recovery files <FILE>.rpmorig and patch recovery files. Find
       duplicates, you may try finddup. Choose a system to name your
       backup, temporary and test files, e.g. with a signature at the end.

     *  Clean Temporary Files: , e.g. /tmp, there is even a tool tmpwatch.

     *  Shorten the Log Files: usually the files in /var/log. There are
       some nice helpers for this task around, e.g. savelog .

     *   Remove Files: Remove files which are not "necessary" under all
       circumstances such as man pages, documentation /usr/doc and sources
       e.g. /usr/src .

     *   Unnecessary Libraries: You may use the binstats package to find
       unused libraries (Thanks to Tom Ed White).

     *  Filesystem: Choose a filesystem which treats disk space
       economically e.g. rsfs aka Reiser Filesystem. Tune your filesystem
       e.g. tune2fs. Choose an appropriate partition and block size.

     *  Reduce Kernel Size: Either by using only the necessary kernel
       features and/or making a compressed kernel image bzImage.

     *  Compressed read-write filesystems:

        - There was a project to add compression support to ext2
       filesystems: [] e2compr. This project
       has a very limited usefulness as it is currently inactive and only
       supports very old 2.4 and 2.6 kernel versions. No chance to get a
       working patch on the latest 2.4 and 2.6 releases.

        - Fortunately, a very serious solution exists in the
       [] Reiser4
       filesystem which includes a compression plugin. Using compression is
       even reported to be faster than not using it. Actual results should
       of course vary with the CPU and disk speed, and results might be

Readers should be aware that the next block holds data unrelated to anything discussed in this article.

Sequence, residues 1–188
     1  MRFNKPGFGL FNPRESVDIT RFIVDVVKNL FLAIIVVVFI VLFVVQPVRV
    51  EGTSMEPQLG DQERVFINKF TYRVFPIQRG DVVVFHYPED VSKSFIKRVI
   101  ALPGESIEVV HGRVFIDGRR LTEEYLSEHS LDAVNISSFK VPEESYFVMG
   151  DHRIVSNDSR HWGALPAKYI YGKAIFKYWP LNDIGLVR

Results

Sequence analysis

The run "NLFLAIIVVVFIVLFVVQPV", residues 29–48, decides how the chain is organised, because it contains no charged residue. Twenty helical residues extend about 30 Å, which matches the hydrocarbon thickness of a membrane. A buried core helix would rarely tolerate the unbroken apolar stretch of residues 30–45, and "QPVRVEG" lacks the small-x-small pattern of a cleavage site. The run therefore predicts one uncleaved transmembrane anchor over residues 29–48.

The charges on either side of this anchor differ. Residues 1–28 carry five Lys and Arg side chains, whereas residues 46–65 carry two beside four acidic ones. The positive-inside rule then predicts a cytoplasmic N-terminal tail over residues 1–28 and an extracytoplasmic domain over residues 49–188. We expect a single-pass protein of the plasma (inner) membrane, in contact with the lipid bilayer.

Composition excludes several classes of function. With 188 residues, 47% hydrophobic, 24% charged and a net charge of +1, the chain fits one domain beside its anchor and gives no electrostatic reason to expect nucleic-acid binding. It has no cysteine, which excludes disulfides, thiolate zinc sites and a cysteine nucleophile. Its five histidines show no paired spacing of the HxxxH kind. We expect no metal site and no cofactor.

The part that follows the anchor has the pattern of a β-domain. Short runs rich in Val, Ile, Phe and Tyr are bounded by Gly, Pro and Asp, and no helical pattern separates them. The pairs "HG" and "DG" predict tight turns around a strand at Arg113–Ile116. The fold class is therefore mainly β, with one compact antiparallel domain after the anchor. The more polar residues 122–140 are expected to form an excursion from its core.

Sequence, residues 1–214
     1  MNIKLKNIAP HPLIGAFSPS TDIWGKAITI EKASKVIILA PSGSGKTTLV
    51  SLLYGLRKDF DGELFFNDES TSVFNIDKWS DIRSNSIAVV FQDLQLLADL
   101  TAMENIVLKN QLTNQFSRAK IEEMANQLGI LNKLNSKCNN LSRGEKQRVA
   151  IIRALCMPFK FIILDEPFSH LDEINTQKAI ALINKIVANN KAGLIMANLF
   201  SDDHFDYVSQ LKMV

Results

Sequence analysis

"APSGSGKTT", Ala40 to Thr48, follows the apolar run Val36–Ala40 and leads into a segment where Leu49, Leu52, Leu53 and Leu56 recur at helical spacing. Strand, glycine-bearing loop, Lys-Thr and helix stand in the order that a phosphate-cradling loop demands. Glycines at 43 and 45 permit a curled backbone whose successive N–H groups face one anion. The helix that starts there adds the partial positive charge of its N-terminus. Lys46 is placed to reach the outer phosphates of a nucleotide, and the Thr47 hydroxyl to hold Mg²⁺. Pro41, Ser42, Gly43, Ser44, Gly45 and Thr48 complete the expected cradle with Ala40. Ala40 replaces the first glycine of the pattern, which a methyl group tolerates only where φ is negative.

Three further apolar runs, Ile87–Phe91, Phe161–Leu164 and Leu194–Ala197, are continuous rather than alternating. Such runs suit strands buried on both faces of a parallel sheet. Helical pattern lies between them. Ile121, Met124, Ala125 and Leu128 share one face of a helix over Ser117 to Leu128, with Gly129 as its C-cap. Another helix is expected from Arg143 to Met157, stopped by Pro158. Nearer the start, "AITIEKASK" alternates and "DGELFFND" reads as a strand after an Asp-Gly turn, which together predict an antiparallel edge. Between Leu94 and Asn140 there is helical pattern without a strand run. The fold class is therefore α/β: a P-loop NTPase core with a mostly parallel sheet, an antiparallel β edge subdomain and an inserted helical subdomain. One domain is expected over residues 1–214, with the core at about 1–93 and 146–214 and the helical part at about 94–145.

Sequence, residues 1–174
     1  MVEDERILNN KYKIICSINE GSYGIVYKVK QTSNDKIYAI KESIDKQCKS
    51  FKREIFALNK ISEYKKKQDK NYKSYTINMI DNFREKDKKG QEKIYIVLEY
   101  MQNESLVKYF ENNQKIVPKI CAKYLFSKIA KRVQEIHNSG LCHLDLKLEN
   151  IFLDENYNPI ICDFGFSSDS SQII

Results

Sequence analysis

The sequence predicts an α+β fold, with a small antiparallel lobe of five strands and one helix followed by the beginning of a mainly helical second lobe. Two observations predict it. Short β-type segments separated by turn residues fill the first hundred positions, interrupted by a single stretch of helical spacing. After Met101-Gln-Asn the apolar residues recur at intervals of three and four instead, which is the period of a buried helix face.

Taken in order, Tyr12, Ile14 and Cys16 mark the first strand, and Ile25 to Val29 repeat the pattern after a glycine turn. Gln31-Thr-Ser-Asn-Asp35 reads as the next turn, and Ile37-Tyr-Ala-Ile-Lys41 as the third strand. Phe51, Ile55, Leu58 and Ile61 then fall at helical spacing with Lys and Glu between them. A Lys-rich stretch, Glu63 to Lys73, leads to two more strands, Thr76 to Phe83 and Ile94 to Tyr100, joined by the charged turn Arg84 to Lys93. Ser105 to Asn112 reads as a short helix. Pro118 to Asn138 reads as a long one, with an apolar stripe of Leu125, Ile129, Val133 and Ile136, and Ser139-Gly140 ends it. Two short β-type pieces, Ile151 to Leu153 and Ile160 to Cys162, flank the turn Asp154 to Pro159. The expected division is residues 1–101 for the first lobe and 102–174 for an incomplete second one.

disappointing on old machines.

     *  Compressed read-only filesystems

        - The idea is store parts of the system (typically executables and
       libraries through the /bin, /sbin and /usr directories) in a
       separate, compressed and read-only filesystem. This is great for
       saving space and for protecting the system from extern attacks.
       However, the constraint is that software upgrades can no longer be
       done when the filesystem is mounted. The whole filesystem contents
       must be rebuilt and replaced at once.

        - [] CramFS was the first
       implemented solution, used by many embedded system makers. Though
       still maintained, it is dramatically outperformed by SquashFS.

        - [] SquashFS is the solution
       everyone should use now. Unlike CramFS, it has no limitations on
       filesystem and file size, and it achieves much better compression
       and read speed (up to 5 times!). On slow storage (like USB flash
       drives), replacing ext2 with SquashFS resulting in a 50% reduction
       on system boot time (observed in a Linux demo developped by
       [] Free Electrons).

     *  Partition Sharing: You may share swap-space (see Swap-Space-HOWTO)
       or data partitions between different OS (see mount).

     *  C library: use [] uClibc instead of the default
       [] GNU C library aka glibc. It
       takes approximately 400 KB instead of 1700 (glibc). It used by many
       embedded Linux projects as well as by several tiny Linux
       distributions. It should satisfy most needs, as the whole Debian 3.0
       was ported to it. Caution: if you replace the C library, all
       applications also need to be recompiled with a dedicated gcc

     *  [] Busybox - A toolbox implementing most Unix
       commands. It takes at most 500 KB instead of approximately 10-30 MB
       with GNU implementations! It is used by almost all embedded Linux
       projects and small Linux distros. Most commands are implemented,
       even vi, wget, a dhcp server and client, and even a http server
       sufficient for most needs. Even if some rare command options are not
       implemented, even an experienced Unix user hardly makes the
       difference with GNU commands!

     *  Kernel: If your needs are fitted with an older kernel version, you
       can save some space.

        However, with old kernels, you will miss cool features (such as
       real-time preemption, making your system much more responsive) and